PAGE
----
So going forward, can this team become a conference finals regular and win a championship someday? With these three guys, I think they can. Obviously, their competition in the west is Durant, Westbrook, and the Thunder. Lillard will never be able to defend Westbrook, but he might be able to match him offensively one day. He’s already a better passer and three-point shooter. Durant is the best pure scorer in the NBA, but I think Batum is more than capable of slowing him down in a playoff series. And Aldridge will always be able to score on Serge Ibaka.
The foundation is in place for Neil Olshey. If he wants Aldridge to stick around come July 2015, he has to add pieces to this championship puzzle. First and foremost, the Blazers need an interior defender. Aldridge has gotten better on defense every year, but Portland needs an elite rebounder and shot blocker, someone who can protect the middle and allow Aldridge to save his energy for offense. This rebounder/defender doesn’t have to do much on offense, just catch lobs from Lillard and score on put-backs. These guys are expensive, and few and far between. Joakim Noah, Omer Asik, Tyson Chandler and Dwight Howard are the prime examples. A 7-footer would be ideal, but keep in mind that the Heat just won a title with Chris Bosh playing center. The Thunder’s best lineup is Durant at the 4 and Serge Ibaka in the middle. The NBA has become a small-ball league, so it’s conceivable that Aldridge could be the center on a championship team with the right “stretch 4” who can also defend and rebound. He just needs someone to protect him in the post, someone who can block shots and intimidate perimeter drivers.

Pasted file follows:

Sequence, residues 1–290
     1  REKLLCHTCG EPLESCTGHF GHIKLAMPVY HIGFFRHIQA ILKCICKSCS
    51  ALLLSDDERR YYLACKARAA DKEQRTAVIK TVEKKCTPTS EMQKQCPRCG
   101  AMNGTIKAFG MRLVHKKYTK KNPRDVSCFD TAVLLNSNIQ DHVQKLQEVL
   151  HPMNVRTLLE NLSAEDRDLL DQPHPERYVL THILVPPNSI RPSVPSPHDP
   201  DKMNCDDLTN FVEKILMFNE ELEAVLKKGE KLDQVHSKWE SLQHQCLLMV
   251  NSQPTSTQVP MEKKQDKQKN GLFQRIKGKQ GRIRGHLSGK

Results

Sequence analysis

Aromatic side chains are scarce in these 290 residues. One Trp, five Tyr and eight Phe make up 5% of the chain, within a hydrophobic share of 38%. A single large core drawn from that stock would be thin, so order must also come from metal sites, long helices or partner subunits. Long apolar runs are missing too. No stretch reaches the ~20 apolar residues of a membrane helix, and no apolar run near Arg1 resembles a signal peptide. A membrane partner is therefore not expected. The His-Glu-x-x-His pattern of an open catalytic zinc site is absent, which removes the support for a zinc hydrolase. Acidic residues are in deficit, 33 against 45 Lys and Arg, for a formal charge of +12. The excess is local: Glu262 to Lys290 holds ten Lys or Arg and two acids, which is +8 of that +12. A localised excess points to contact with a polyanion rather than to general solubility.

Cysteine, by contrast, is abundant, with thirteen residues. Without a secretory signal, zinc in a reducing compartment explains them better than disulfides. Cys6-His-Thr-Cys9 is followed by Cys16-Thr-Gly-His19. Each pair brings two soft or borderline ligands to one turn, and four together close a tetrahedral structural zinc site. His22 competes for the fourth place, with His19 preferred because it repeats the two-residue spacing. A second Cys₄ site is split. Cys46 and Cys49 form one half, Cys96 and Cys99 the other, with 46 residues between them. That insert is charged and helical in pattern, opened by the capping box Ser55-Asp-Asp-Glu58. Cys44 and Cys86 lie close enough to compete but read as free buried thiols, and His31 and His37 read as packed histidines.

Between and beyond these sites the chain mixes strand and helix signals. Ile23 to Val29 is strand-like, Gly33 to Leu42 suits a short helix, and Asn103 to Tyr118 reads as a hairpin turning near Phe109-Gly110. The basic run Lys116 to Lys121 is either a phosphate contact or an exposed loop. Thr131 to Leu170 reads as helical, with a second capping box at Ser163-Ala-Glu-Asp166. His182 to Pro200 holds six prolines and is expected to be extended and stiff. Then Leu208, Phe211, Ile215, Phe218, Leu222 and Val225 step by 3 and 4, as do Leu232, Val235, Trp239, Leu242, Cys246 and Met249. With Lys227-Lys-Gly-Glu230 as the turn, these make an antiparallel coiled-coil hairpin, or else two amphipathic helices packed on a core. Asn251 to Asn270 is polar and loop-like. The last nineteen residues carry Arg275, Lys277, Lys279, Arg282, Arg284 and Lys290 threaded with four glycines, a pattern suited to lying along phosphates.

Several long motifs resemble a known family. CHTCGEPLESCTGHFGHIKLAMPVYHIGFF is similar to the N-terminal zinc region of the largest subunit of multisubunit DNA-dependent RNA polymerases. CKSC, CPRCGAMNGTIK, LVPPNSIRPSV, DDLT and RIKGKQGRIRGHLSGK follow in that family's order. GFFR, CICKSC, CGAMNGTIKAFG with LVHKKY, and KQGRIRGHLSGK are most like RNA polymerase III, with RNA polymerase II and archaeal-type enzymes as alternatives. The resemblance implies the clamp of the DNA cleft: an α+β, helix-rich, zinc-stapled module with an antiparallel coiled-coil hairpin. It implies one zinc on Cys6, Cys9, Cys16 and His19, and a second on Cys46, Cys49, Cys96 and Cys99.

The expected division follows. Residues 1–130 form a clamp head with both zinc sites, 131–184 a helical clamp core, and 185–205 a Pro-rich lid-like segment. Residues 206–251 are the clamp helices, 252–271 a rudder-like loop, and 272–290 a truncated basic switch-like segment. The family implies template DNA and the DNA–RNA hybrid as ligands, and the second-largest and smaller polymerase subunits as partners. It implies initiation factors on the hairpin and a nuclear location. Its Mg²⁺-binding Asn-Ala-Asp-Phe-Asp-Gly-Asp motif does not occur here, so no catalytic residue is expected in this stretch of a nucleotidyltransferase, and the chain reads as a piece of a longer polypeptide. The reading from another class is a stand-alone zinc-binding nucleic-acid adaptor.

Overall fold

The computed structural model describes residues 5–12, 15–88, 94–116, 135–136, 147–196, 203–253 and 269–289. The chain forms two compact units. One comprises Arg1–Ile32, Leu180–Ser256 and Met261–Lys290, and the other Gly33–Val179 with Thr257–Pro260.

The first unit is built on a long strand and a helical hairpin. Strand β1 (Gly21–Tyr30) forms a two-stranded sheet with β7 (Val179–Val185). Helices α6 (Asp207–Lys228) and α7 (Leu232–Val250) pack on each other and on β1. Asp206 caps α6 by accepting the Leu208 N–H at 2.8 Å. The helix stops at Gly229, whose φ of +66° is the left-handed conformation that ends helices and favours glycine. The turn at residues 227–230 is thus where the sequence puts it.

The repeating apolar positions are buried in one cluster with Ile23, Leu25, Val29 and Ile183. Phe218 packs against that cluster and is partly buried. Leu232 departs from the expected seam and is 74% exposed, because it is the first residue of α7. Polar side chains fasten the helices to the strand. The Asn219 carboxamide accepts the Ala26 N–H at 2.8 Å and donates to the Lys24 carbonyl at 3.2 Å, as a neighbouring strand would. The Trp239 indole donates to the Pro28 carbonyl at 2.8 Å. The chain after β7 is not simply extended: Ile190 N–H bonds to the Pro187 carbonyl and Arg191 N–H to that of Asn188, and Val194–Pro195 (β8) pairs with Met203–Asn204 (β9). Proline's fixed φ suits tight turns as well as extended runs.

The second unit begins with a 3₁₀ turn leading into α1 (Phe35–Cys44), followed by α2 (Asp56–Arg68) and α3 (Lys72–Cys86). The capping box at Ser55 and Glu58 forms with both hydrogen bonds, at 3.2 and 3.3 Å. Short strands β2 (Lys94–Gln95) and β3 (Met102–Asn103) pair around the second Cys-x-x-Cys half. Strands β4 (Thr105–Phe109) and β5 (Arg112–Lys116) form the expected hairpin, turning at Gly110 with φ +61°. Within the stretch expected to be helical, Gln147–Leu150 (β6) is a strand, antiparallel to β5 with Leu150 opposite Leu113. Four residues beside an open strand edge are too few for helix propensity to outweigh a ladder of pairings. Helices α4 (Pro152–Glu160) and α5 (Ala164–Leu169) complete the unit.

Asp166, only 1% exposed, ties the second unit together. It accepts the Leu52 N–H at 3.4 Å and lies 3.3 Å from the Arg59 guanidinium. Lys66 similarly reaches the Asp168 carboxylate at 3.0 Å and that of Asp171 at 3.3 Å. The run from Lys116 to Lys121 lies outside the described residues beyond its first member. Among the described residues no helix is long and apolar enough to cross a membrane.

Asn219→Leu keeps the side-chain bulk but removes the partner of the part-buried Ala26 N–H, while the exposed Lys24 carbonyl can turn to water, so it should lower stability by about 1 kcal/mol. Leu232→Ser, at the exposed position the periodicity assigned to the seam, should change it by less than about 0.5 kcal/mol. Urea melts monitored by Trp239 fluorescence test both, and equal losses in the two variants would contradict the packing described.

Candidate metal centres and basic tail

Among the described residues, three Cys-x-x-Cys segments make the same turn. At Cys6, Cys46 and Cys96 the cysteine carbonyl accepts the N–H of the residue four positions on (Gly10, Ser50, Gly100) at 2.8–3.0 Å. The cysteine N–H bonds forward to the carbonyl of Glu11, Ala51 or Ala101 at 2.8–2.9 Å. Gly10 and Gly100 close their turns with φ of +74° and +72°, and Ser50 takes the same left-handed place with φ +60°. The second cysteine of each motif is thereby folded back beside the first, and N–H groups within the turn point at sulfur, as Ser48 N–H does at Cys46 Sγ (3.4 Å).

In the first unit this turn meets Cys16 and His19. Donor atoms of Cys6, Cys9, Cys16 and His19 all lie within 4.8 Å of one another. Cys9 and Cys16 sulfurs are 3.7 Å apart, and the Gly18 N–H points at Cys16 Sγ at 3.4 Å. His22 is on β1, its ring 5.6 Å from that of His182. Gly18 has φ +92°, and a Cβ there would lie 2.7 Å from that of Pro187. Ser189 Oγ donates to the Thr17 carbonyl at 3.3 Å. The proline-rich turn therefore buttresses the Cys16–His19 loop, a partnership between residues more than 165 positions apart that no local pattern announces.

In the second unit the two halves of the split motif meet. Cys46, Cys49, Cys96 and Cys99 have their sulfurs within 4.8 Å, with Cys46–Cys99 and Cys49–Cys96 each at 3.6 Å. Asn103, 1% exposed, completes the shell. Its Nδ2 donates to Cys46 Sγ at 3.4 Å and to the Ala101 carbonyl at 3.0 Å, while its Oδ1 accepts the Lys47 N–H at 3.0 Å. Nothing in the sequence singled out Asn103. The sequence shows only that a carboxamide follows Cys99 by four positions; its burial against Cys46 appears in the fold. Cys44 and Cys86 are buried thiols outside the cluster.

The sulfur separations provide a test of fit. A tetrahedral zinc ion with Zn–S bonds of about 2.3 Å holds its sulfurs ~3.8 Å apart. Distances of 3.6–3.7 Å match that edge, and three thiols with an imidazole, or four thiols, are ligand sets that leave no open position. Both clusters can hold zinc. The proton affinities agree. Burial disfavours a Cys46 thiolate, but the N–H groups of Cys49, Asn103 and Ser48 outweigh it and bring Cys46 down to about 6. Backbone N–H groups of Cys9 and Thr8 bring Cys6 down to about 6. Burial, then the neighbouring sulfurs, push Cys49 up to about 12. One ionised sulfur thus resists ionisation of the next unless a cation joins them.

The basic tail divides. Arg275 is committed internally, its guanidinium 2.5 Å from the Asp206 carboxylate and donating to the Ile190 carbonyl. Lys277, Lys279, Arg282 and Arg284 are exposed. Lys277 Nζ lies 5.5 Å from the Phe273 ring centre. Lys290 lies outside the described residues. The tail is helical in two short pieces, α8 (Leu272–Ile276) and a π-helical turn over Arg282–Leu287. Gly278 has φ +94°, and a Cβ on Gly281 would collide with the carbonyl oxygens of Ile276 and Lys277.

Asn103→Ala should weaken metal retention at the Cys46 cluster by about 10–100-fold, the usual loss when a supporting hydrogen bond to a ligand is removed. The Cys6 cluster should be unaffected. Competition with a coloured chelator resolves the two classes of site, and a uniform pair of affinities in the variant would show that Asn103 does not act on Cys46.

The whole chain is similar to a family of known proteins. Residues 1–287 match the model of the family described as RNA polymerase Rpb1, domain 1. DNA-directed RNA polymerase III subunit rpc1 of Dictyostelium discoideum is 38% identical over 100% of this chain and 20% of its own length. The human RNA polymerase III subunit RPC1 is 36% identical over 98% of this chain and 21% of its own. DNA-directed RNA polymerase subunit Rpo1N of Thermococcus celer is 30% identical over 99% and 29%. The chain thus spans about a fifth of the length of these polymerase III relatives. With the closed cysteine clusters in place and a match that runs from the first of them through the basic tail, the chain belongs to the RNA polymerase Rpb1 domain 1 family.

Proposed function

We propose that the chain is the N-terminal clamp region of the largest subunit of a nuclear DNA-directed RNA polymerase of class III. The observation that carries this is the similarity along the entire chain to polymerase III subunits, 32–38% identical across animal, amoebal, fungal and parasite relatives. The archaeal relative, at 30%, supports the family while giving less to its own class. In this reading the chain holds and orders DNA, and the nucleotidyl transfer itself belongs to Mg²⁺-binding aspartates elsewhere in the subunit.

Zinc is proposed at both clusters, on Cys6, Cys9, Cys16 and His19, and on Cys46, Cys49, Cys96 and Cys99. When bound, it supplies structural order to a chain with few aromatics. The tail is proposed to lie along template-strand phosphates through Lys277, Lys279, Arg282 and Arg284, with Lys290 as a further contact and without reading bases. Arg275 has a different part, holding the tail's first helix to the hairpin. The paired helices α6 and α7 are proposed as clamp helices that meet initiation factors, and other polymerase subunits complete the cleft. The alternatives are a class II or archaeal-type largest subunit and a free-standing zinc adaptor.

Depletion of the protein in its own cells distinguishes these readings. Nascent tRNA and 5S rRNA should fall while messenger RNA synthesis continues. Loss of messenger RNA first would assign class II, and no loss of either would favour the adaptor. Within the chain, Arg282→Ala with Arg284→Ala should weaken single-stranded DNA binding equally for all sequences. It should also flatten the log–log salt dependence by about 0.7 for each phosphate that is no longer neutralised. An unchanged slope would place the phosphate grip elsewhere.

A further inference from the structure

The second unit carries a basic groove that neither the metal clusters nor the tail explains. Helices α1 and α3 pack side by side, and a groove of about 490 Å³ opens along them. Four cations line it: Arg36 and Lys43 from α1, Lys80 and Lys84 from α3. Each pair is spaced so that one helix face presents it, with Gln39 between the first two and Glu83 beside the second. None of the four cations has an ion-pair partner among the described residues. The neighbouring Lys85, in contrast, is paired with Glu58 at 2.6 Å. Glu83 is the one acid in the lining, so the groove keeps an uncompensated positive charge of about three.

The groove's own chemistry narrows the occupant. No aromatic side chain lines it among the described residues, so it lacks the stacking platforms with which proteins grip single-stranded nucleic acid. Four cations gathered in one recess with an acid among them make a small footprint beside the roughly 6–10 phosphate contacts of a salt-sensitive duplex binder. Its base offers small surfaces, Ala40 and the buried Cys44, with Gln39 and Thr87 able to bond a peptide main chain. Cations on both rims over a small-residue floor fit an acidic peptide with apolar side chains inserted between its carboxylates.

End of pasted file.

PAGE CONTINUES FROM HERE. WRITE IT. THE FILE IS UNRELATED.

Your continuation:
Second, Olshey has to find a three-point shooter. Wesley Mathews is a very average NBA 2-guard. You are not winning a title if he’s a starter. I actually like Mathew’s game and he’s a decent defender, but he’s a sixth man at best. He’s shooting 38% from three, which is pretty good, but Portland needs a Mike Miller/Ray Allen/Jason Terry-type knockdown shooter to spread the floor for Aldridge and Lillard pick and rolls.
Third, Olshey has to think about backups for Lillard and Batum. Lillard needs a spell for 15 minutes per night, and it would be ideal if this signee could also play with Lillard in the backcourt at times. If Terry Stotts has a guy he can put in for Batum, who can do Batum things for 15 minutes a night—hit threes, be active on defense, get a steal now and then—that’s a huge advantage. There are plenty of these guys in the NBA. Batum is rare because he can do it for 35 minutes.
So there you have it. Portland needs a couple shooters and an interior player who can go toe-to-toe with the likes of Ibaka, Chandler and Noah every night. Easier said than done. The good news is Portland has the foundation in place. The front office will have around $12 to spend this summer, plus a half-decent slot in the draft, so there’s plenty of potential. Olshey has made savvy moves since taking over, and I’m confident he can find a few solutions. Once again, the future looks good for the Portland, and Blazers fans deserve a little luck finally.